Joined: Sep. 2007
|The where and when is ongoing. Some specific details are missing. I realise that's not as satisfying as the first few chapters of your book, but...|
So you believe that life arose from non-life at least once, but do not know where or when or precisely how. That's what I suspected. You are in the same boat as everybody else, it seems.
It's somewhat amazing that you have read the first few chapters of my book, since it was never published and made generally available to the public. Though there were a few copies making the rounds. Quite exciting, wasn't it? Perhaps one of these years it finally will be published...
|Any evidence that consciousness is not a product of "just cells and chemicals"?|
Cells and chemicals (and biophysical processes) are of course surmised to be the means and mechanisms for the operations of consciousness, at least for so long as it is embodied in physical, organic form. I simply do not misconstrue the phenomenon itself with the physical correlates of its mechanical operation. And before you ask or offer yet another inane insult, yes. I do know that there are people who do equate phenomena with the physical processes of their operation. I am not one of them. You apparently are.
|Why are they bothering eh? If they are looking at the "cells and chemical" level they'll never find what they are looking for, right?|
What they are mostly looking for are the physical correlates of consciousness' expression in living organisms. The physical components, the mechanics and the processes. Originally the primary motivation was to determine if information technologists could hope to create an artificial machine-based consciousness. I don't know how many of those individuals with lots of money to invest in the projects may be transhumanists. There are no doubt some who would simply like to have a conscious machine. For whatever reason.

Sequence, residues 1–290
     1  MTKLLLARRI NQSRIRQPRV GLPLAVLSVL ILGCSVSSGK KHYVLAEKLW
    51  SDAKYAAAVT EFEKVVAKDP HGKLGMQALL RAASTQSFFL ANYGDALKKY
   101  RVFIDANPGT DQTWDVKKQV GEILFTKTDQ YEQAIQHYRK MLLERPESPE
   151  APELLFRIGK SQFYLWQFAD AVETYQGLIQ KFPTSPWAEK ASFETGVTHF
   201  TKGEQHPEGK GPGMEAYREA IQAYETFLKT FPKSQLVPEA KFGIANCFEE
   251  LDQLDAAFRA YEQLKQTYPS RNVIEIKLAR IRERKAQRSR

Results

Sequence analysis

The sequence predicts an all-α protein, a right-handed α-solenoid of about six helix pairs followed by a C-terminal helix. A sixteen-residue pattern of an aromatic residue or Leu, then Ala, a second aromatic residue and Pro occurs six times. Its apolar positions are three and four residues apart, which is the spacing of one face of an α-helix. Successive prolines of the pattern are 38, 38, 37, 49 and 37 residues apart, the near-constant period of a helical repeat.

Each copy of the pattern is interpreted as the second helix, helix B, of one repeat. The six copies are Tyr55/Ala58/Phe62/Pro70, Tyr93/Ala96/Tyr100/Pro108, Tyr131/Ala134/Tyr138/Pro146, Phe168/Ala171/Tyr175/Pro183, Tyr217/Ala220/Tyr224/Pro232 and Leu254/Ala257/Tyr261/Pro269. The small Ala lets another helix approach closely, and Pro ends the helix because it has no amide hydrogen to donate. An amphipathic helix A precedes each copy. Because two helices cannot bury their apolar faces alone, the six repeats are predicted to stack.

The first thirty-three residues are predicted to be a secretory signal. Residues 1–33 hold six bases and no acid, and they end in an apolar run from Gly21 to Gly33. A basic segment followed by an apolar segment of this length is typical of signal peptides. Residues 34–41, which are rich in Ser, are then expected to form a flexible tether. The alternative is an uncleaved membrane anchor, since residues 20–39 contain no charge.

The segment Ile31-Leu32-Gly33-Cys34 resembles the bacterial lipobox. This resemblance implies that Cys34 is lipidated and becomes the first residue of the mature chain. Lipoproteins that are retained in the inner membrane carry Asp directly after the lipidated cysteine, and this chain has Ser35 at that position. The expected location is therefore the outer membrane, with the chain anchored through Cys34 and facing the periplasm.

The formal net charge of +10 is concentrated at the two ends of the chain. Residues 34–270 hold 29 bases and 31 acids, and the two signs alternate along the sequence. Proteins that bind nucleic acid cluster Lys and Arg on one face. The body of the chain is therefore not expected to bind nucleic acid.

|Yet you claim to 'know' that life did not have a natural origin on what basis?|
Where did I claim that? Nowhere have I asserted that life's origin was not entirely natural, even if it was a singular event. Again you are making things up out of whole cloth and projecting them onto me. Please stop it.
|Yes, the intense scientific research into abiogenesis can't compete with an old book written by goat herders. I can see why you believe that case is far more convincing.|
Oh, THAT's the book you're referring to. I've read it a few times. Good for what it is, and reliable as what it is (considering the care exerted to keep it accurate over many generations, which is what the treatment of such things as 'holy' is particularly good for). I find the slightly differing accounts of ancient Hebraic creation mythologies - no doubt regionally specific - as interesting as I've found the creation mythologies of the Pima and Tewa, the Inuit, the Chinese, the Norse and the several others I've investigated. Also interesting that they use a ceramic model, as do several other cultural origin stories. Probably indicating some common sociocultural development(s) undergirding the particular metaphors.
|So lets split the difference and say eight.|
Interesting that you'd pick that number. One of my current favorite models is 8-dimensional. I'd say it's 'easier' than 11, 22 or infinite dimensions, but it's really not. The mathematics is quite different from the current string models, difficult to grok. Thanks for the response.
|What possible difference would it make to anything you might say to me?|
I'd hoped that some grasp of the likely fact that there is more to reality than just what we have evolved to easily perceive, observe/measure and/or quantify would suggest to you that things may not be so cut and dried as your simplistic metaphysical belief system would have it.
|And the "experts" all agree (with some notable exceptions) that unassisted abiogenesis is at least possible, and perhaps even likely given the right conditions.|
"Unassisted" meaning what, exactly?
|No serious "expert" is making any sort of case for "god did it". Are they?|
Far as I know, only god-experts are attempting to make such a case. Though how 'expert' anyone can really be about gods is certainly debatable. Science is not trying to make that case and will not. That realm of speculation is outside its job description.